COLUMBUS (WCMH) – Mayor Andrew Ginther announced Thursday that the controversial Safety Initiative is coming to an end and he unveiled new strategies to keep our neighborhoods safe.
Organizations like the People’s Justice Project look at the mayor’s call to end the safety initiative as a win and a step in the right direction to better relationships with the minority community and police.
“We’re talking about the lives of our children. So we will stay in this fight,” said Tammy Fournier-Alsaada, with the People’s Justice Project.
Fournier Alsaada says tears of joy formed in her eyes after Ginther announced putting an end to the controversial safety initiative, which included putting plainclothes officers in high crime areas.
In the summer of 2016, 23-year-old Henry Green was fatally shot by two plainclothes Columbus police officers who were working as part of the program. It was later expanded to run year-round.
“We can only tackle these safety challenges through new approaches to policing,” said Mayor Ginther.
In the initiative’s place, Ginther is calling for a $2 million Neighborhood Safety Strategies Fund. This fund would pay overtime to cover increased bike and foot patrol by uniformed officers.
“Yes we want police in our community, police are responsible for the safety and well-being of the community, but if we are going to change the culture and get to solving some of these crimes and addressing violence it will take a bunch of players at the table,” said Fournier-Alsaada.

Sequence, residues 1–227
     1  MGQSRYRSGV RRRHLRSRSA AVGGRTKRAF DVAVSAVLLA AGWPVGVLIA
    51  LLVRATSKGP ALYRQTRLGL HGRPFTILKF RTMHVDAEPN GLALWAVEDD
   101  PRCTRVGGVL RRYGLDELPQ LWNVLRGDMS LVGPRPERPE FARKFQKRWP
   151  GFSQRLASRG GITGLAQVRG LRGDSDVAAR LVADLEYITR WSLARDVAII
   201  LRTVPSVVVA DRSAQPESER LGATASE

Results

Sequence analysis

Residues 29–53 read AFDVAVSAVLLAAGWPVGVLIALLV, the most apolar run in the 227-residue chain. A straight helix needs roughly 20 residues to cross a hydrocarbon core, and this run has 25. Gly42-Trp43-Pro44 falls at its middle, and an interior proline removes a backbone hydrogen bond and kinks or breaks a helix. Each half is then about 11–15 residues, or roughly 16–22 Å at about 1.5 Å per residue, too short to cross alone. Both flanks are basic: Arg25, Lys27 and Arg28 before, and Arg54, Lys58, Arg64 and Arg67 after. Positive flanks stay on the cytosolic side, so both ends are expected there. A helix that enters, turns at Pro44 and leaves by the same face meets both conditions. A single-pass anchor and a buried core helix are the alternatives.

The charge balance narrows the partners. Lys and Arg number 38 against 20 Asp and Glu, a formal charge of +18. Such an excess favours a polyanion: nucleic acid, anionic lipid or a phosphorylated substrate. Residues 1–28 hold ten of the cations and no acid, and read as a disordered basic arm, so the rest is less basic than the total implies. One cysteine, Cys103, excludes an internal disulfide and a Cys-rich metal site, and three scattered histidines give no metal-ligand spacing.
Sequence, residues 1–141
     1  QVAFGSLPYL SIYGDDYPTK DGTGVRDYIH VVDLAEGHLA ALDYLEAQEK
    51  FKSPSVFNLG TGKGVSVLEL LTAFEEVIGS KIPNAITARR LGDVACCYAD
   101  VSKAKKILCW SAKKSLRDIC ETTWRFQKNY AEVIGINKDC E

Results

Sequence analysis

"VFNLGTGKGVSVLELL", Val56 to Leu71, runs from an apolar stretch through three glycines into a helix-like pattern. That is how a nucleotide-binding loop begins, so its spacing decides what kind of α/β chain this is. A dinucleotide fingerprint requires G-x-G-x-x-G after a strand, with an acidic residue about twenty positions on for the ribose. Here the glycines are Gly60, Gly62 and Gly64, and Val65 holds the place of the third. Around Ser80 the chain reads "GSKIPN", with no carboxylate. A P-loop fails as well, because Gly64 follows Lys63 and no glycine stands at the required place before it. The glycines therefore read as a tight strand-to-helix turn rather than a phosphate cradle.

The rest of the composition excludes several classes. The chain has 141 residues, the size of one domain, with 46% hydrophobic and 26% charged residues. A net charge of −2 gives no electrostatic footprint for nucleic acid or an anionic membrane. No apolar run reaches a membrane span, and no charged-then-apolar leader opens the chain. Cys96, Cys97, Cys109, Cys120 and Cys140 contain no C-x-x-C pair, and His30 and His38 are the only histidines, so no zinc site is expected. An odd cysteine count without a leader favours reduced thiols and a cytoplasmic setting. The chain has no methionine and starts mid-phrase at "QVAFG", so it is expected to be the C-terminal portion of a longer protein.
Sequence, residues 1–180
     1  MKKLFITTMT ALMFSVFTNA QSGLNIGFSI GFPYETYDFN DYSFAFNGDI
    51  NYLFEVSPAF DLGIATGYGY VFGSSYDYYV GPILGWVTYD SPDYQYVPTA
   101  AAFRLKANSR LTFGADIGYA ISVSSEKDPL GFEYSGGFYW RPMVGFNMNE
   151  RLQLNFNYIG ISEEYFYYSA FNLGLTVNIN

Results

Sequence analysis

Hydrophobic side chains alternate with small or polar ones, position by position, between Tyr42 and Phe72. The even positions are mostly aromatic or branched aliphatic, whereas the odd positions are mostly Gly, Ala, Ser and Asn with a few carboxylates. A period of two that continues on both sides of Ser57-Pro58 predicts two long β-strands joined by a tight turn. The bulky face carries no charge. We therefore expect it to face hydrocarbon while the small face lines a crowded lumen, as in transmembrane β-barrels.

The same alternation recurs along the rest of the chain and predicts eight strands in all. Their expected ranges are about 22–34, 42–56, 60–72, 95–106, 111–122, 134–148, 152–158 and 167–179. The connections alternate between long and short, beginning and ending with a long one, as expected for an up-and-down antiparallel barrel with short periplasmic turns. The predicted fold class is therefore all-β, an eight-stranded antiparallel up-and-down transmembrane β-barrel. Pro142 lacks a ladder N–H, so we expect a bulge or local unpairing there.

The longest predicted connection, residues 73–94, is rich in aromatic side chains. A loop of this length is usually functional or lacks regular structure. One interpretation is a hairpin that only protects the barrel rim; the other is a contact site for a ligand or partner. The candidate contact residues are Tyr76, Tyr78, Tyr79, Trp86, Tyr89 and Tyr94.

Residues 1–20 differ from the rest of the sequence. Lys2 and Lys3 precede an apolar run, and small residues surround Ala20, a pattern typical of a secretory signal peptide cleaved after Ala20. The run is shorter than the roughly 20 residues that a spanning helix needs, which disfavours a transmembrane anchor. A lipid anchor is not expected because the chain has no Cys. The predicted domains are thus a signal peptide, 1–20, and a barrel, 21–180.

Since the deaths of Henry Green and 13-year-old Tyre King, the People’s Justice Project has asked city leaders to take a look at the way policing is handled in minority communities.
“The police really have to at some point understand what we are saying. This is a really different issue, we are talking about the death and the loss of people that we love,” said Fournier-Alsaada.
Columbus has paid more than $4 million to individuals who alleged civil rights violations over the past decade.
Key initiatives announced by Mayor Ginther:
- Expanding the city’s successful Safe Streets bike patrol to additional opportunity neighborhoods, including expanding foot patrol.
- Hiring a program manager and four caseworkers for the Community, Action, Resilience and Empowerment (CARE) Coalition to address the ripple effect violent crime has on a neighborhood.
- Expanding the city’s efforts to solve gang and drug related homicides by directing more officers to investigate unsolved crimes.
- Filling two new police recruits classes, each with 35 recruits.
- More than $500,000 in new initiatives to combat opiate addiction in support of the Franklin County Opiate Action Plan.
- Forming the Violent Crime Review Group to address the city’s unacceptable homicide rate through a focused, multi-departmental review of and response to violent crimes.
- Establishing a new cross-departmental Neighborhood Crisis Response to strengthen neighborhoods by coordinating city resources to create physical deterrents to crime.
- Establishing Neighborhood Safety Committees led by the local Community Liaison Officers and made up of block watch volunteers and community leaders to review information from the Violent Crimes Review Group and give real-time feedback on Columbus neighborhood intervention strategies.
- Creating a Community Safety Advisory Committee to ensure Columbus has the best training, policies and procedures to protect and serve the entire community, as well as seeking an objective, independent consultant to support this work.